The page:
When General Muhammadu Buhari made a pact with politicians from diverse backgrounds with little similarity in ideology – if they had any – to emerge the APC flag bearer and subsequently the president, he cannot possibly claim that he didn’t anticipate a bumpy ride. Likewise, when Bukola Saraki and his henchmen sabotaged their party and successfully carried out a ‘coup’ to assume the Senate leadership in cahoots with the opposition they surely would have expected many battles in the fore.
I had posited then in my thesis that for Saraki, winning a battle does not in any way translate to winning the war as it was clear to the discerning that tougher battles lay ahead. That it was an action that also resulted in the emergence of the PDP’s Senator Ike Ekweremadu as the Deputy Senate President made it more humiliating for the APC and left the intrigues ahead to one’s imagination.
Saraki can rightly be described as well ‘connected’ and battle-tested; his rise in politics started with his appointment as Obasanjo’s aide on budget matters. From thereon he only looked forward and propitiously employed a combination of sagacity and ruthlessness to rise rapidly. However, many of his political battles were fought when he had immunity as a governor. As the Senate president, a higher position in the larger picture so to say, that privilege is no longer available and his fate unlike before is not entirely in his hands.
All the same, credit must go to the medical doctor turned politician for surviving like the proverbial cat with nine lives. Basking in the support of colleagues that cut across party lines, he has managed a vice-hold grip on the Senate whilst surviving the onslaught of a protracted CCT trial and more recently some police investigations. It is even more impressive when you consider that while many have come to regard our NASS as the bulwark of the corrupt, populated by ex-governors and ministers with questionable records, Saraki still commands huge followership in his home state. He will likely be re-elected to the red chamber even in a free and fair contest.
But the Senate President has been in the political scene long enough to know that a Nigerian President is an all-powerful demi-god. Having watched Obasanjo remove Senate Presidents and Governors, he knows the arsenal at the disposal of any occupant of Aso Rock. Even men like Anyim, Na’Abba, Nnamani, and Orji Uzor Kalu who successfully contained Obasanjo’s often fractious belligerence are yet to fully recover from the overwhelming political trauma that executive pressure can bring to bear on a perceived foe.
That President Buhari, a stubborn soldier, is not disposed to the do or die tactics of his fellow jackboot, Obasanjo, is obviously a political strategy ingeniously conceived. I believe the Senate President knows too well that but for this disposition of the president, he would have been long gone. His supporters may disagree but he knows this and his traducers know too.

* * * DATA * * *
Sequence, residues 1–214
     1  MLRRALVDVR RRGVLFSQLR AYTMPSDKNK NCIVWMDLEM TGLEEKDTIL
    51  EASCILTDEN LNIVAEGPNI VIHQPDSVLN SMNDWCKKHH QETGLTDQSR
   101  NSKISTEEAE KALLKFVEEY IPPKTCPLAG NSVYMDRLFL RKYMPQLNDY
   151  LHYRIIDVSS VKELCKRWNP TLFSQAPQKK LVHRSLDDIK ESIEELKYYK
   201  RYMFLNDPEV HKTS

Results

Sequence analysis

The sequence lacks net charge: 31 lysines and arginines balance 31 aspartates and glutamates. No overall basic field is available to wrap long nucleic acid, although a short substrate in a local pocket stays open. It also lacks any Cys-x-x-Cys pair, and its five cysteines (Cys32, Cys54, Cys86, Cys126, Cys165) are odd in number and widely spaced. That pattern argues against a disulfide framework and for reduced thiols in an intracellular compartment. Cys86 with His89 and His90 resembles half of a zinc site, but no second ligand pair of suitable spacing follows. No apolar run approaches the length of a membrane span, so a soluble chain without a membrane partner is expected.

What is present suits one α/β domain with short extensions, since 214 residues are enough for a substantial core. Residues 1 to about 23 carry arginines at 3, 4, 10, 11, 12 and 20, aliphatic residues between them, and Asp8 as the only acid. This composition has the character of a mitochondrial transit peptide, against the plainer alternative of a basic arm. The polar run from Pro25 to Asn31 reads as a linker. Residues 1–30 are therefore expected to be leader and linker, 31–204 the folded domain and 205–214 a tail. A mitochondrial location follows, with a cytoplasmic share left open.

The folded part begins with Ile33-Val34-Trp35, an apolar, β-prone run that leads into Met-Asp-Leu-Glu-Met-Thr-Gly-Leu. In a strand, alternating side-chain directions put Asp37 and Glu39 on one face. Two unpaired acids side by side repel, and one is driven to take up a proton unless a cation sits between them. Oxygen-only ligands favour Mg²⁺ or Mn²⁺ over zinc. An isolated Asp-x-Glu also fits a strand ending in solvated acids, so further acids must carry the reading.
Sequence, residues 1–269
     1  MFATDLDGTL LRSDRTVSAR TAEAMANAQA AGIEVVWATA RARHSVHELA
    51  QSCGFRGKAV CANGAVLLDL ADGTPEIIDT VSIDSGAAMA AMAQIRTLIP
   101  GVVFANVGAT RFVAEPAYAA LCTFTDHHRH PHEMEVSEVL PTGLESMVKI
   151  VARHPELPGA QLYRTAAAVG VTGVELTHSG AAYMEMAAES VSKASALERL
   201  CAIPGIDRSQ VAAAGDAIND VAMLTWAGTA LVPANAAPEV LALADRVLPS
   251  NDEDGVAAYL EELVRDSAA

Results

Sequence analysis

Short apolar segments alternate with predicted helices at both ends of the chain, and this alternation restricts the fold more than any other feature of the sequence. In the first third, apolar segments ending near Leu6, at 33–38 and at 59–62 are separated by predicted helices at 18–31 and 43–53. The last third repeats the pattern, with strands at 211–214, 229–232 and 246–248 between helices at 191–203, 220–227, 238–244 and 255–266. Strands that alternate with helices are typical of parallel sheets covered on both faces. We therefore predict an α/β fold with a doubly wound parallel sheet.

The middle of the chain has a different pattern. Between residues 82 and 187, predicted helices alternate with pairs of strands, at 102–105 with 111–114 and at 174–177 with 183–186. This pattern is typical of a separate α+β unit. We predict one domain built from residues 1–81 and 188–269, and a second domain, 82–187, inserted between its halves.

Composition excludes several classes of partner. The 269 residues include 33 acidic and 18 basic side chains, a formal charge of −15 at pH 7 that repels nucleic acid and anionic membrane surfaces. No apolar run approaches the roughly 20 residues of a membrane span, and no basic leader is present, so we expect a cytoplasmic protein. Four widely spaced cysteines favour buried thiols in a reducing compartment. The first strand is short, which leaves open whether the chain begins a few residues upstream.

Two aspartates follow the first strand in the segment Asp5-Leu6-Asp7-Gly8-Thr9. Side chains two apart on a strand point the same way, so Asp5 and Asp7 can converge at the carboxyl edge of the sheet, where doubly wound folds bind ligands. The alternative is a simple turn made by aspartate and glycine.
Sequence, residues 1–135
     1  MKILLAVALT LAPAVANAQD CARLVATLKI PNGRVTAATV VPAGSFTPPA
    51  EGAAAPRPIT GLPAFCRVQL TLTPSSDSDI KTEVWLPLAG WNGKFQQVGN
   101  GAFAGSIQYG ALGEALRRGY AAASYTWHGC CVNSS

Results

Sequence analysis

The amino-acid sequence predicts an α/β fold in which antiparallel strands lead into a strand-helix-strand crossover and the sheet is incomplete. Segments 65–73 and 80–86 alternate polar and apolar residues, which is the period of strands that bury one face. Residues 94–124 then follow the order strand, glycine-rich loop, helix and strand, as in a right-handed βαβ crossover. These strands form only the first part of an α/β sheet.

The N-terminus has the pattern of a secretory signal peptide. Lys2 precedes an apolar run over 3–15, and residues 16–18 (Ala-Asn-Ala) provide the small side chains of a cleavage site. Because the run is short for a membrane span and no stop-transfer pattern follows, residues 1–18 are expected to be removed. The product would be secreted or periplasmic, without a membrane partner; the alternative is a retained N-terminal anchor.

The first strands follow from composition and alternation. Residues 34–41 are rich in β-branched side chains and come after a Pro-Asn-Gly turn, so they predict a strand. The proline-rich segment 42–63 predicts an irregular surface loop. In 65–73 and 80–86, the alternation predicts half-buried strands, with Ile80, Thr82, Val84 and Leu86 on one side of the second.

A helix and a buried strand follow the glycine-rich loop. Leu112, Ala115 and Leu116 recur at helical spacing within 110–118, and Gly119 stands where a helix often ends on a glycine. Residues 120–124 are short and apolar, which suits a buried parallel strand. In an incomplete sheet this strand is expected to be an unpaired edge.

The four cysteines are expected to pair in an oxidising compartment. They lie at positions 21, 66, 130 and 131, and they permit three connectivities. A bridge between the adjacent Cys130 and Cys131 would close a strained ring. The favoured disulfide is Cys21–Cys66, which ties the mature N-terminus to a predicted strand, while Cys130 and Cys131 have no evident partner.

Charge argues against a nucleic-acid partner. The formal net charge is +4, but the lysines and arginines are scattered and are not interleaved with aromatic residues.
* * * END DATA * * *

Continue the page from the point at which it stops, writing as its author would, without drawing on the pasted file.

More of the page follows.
Now let us briefly examine why Buhari has accommodated the Senate President.
After the national assembly leadership elections, the division among the various parties that made up the APC became evident. President Buhari’s CPC took charge of the executive and Bola Tinubu’s ACN maintained a similar grip on the party leadership while Saraki and his nPDP group pocketed the legislature.
In most organizations, it is often beneficial for the man at the helm not to take sides in any battle of attrition between his subordinates and in his bestselling “48 Laws Of Power”, American author Robert Greene put it thus:
Do not commit to anyone. It is the fool who always rushes to take sides. Do not commit to any side or cause but yourself. By maintaining your independence, you become the master of others-playing people against one another, making them pursue you. ~ Law 20
When Buhari refused to meddle in that tussle for the NASS leadership, many including yours truly didn’t fully comprehend that the taciturn general was only employing this golden rule. If he had intervened then, perhaps Bola Tinubu and his men would have become too powerful for him by having control of the party and the legislature. He maintained mature neutrality while not losing sight of the need to have both groups sucking up to him. A sort of balance -if you like- that ensured he remained the lord and master.
However, as the battle for 2019 intensified the need to pander to the whims of the party power brokers became more critical for the President’s re-election bid because it is only on the party platform that his loyalists can deliver. Obasanjo successfully deployed this tactic against Atiku when he replaced Audu Ogbeh with Ahmadu Ali to take control of the party and checkmate the Vice President’s influence with the lawmakers. Moreover, given our politicians’ penchant for cross-carpeting to contest elections, it would be futile trying to stop those who had already lost out in the local congresses.
President Buhari still enjoys cult followership, especially in his Northern base. A cursory look at his record haul of votes even when the PDP was still writing election results in Ota farms clearly accentuates his popularity in the region. That is not likely to change now he is in power despite the challenges facing the country, at least not significantly. His appointments into INEC and the security agencies equally indicate that the man will not gamble away a hard-fought presidency.
So as the political fireworks escalate towards February 2019, the fallback option to the PDP may offer some hope for the political lightweights to have a shot at retaining their positions in 2019 but the gladiators are actually battling for relevance in readiness for a post-Buhari Nigeria in 2023.